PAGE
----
CE may be improving in terms of materials (it remains to be seen if this is a trend or just a foray), but they certainly aren’t helping the earth: the Sublime comes packaged in an oversized box about as large and thick as a dictionary. The point? Probably to make the vibrator seem more majestic or something, or to account for the steep price tag ($70-$100 or so).
I mean, this thing is pretty massive. 1 1/2″ in diameter and 7″ long. The entire collection features vibes of this general size, which is really quite unfortunate. It gives me a weird feeling that CE thinks 1 1/2″ in diameter is going to be a breeze for most ladies, and I don’t think it is — especially if you’re trying to market an all-purpose vibe, a vibe to end all vibes. Obviously, some women appreciate 1 1/2″ in diameter; I just think it’s an odd choice to have that diameter all across the board.
Oh, and the silicone! How could I forget? You want to know if the silicone really is pure silicone. The answer is: as far as I can tell, yes. It has no scent, no taste, and has a soft silky texture similar to Fun Factory’s silicone. I know packaging proclamations are generally disregarded, but the fine print on this one reads “Material: Silicone.” The more prominent lettering expounds on that: “Japanese Medical Grade Silicone.” Don’t even ask me about the “Japanese” thing; I have no idea.
But all the silicone in the world can’t make up for a mediocre experience. The diameter of the Sublime, coupled with the matte silicone, makes for difficult insertion, thrusting, and even removal for me. The curled tip of the shaft hits my G-spot, but the girth of the vibrator makes it impossible for me to enjoy any G-spot stimulation. On multiple occasions, even after quite a bit of warm-up, I was frustrated by trying to get the Sublime inside me and actually thrust with it. Admittedly, this is something of a personal problem — but the resistance of the matte silicone doesn’t help.
Then there’s the button, which is a double-edged sword. It’s right there, in the thumb-resting spot, and it’s large and very easy to press. This means, of course, that it is near impossible to do any kind of thrusting without inadvertently pushing the button. I’m talking about the function-changing button — the on/off button is smaller. Anyway, there are seven vibration settings: three steady settings (low, medium, high), escalating fast pulsation, medium pulsation, fast pulsation, and a short-short-long pulsation. All of them are insanely quiet, which I was not expecting at all from a CE vibe.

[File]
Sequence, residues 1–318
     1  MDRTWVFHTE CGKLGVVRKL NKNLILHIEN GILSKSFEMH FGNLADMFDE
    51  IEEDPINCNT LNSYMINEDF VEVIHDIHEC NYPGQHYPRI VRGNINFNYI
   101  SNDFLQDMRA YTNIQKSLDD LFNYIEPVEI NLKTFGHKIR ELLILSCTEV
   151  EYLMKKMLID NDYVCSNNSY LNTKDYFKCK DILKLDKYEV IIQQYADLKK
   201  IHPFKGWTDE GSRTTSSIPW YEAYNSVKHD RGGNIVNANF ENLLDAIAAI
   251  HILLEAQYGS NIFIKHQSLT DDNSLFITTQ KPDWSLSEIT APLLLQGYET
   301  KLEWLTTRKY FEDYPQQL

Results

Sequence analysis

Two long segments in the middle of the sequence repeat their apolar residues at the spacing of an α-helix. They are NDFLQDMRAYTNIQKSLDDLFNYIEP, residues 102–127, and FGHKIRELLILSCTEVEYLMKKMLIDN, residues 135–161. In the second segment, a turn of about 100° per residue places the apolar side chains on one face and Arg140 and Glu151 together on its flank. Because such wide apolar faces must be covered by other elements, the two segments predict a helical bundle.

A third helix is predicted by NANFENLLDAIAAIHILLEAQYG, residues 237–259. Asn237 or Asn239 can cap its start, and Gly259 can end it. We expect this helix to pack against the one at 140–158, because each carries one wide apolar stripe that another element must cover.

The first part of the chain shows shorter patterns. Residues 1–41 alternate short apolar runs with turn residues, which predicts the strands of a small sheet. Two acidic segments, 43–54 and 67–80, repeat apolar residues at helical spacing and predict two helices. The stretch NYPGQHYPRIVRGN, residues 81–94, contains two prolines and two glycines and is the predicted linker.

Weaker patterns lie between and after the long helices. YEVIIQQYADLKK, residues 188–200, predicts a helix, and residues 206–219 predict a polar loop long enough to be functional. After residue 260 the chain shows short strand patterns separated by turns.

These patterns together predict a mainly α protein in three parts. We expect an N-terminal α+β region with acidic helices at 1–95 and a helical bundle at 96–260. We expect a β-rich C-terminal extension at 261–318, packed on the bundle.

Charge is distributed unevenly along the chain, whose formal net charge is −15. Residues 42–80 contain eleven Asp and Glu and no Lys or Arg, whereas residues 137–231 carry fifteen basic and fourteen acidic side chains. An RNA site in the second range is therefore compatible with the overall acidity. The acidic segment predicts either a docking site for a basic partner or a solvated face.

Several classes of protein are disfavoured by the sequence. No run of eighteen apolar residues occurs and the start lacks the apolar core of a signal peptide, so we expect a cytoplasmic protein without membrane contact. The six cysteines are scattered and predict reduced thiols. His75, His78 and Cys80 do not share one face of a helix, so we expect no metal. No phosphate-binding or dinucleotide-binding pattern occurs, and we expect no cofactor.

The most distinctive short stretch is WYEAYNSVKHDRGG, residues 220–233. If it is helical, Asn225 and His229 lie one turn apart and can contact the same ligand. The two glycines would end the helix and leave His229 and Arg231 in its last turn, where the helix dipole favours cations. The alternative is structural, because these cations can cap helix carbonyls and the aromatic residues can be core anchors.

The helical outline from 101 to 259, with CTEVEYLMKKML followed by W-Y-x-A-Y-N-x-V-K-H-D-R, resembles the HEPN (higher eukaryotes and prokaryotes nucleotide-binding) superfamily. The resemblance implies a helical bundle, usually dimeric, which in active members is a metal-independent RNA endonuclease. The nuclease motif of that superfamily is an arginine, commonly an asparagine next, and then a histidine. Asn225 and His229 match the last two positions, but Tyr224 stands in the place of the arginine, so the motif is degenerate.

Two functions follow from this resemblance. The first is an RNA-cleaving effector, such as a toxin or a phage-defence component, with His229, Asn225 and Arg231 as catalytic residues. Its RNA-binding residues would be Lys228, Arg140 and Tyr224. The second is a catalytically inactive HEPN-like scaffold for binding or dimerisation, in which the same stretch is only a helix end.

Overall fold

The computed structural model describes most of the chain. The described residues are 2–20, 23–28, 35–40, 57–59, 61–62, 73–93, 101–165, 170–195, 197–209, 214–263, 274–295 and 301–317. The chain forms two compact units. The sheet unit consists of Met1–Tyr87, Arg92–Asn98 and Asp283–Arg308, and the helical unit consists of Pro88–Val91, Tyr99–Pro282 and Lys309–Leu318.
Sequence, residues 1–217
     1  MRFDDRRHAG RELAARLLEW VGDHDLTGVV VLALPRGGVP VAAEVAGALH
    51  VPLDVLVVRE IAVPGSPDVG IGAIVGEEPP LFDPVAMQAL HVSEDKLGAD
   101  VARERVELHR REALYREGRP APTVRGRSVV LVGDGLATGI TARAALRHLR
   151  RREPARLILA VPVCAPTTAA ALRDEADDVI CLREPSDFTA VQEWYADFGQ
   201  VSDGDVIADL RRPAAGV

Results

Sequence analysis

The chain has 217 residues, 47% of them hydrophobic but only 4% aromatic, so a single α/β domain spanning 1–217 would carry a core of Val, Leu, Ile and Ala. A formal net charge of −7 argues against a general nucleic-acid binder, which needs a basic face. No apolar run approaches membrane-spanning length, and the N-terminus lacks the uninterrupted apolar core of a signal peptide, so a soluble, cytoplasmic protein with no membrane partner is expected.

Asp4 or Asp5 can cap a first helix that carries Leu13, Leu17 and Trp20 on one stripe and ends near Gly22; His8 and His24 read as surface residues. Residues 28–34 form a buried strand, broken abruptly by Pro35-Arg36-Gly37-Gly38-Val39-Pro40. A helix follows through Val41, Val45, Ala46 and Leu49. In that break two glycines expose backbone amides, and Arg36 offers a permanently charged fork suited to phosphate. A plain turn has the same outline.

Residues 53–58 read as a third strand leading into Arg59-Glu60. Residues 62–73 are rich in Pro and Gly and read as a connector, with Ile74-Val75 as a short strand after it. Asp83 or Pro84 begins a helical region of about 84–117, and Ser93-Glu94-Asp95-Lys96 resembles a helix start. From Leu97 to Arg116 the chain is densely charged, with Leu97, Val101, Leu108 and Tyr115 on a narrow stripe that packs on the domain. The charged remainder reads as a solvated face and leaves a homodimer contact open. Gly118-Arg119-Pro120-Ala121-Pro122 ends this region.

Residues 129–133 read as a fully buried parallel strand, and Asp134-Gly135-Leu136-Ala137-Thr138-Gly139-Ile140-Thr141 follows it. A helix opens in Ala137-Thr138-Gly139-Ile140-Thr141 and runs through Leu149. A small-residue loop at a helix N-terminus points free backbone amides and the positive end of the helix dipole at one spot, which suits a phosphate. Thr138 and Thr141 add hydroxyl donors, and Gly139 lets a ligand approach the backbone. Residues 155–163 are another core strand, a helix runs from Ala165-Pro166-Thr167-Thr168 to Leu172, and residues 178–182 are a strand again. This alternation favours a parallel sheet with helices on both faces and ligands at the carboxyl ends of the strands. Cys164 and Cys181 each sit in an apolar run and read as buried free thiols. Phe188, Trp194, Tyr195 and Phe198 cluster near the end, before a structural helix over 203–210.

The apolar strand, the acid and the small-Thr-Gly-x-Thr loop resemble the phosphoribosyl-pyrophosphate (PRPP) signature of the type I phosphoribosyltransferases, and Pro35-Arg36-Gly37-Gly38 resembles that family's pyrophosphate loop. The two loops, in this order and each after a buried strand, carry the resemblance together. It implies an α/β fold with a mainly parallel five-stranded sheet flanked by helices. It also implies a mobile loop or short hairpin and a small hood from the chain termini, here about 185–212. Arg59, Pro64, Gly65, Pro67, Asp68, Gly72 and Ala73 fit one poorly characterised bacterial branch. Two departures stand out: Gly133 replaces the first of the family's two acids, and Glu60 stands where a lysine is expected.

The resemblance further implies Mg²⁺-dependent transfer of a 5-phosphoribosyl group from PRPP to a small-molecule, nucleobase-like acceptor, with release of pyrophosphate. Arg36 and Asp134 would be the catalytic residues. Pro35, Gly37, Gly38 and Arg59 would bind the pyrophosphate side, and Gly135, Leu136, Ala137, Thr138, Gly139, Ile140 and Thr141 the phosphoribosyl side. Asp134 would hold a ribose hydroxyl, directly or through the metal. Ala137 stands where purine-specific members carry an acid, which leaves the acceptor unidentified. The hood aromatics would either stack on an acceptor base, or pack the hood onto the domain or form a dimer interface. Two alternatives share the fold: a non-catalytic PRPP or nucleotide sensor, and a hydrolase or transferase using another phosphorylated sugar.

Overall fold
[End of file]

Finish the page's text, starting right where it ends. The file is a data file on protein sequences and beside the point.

It just kinda sucks, though, that you’re forced to cycle through the vibration settings.
One last thing that continues to irk me is the battery compartment. Not once have I been able to open it myself. My boyfriend has the magic touch with it, but I have not enjoyed carrying my vibrator in to him whenever I want it opened. I assume this extreme compartment is meant to keep water out (and it does), but it doesn’t have to keep humans out too.
If CE shaved 1/4″ off the girth, used glossy silicone, changed the controls, made the whole thing less bulky to handle, and made the battery compartment bearable, this would be a pretty badass vibe worthy of the $70-100 price tag. As is, it’s quiet and 100% silicone — but mediocre.
At least the Sublime represents a step in the right direction for California Exotic. I would love to see a company of their size and influence stop producing jelly and rubber toys. Something tells me, though, that I’m dreaming, and that this is called the Couture Collection for a reason — because 100% silicone is still a luxury material in the eyes of CE.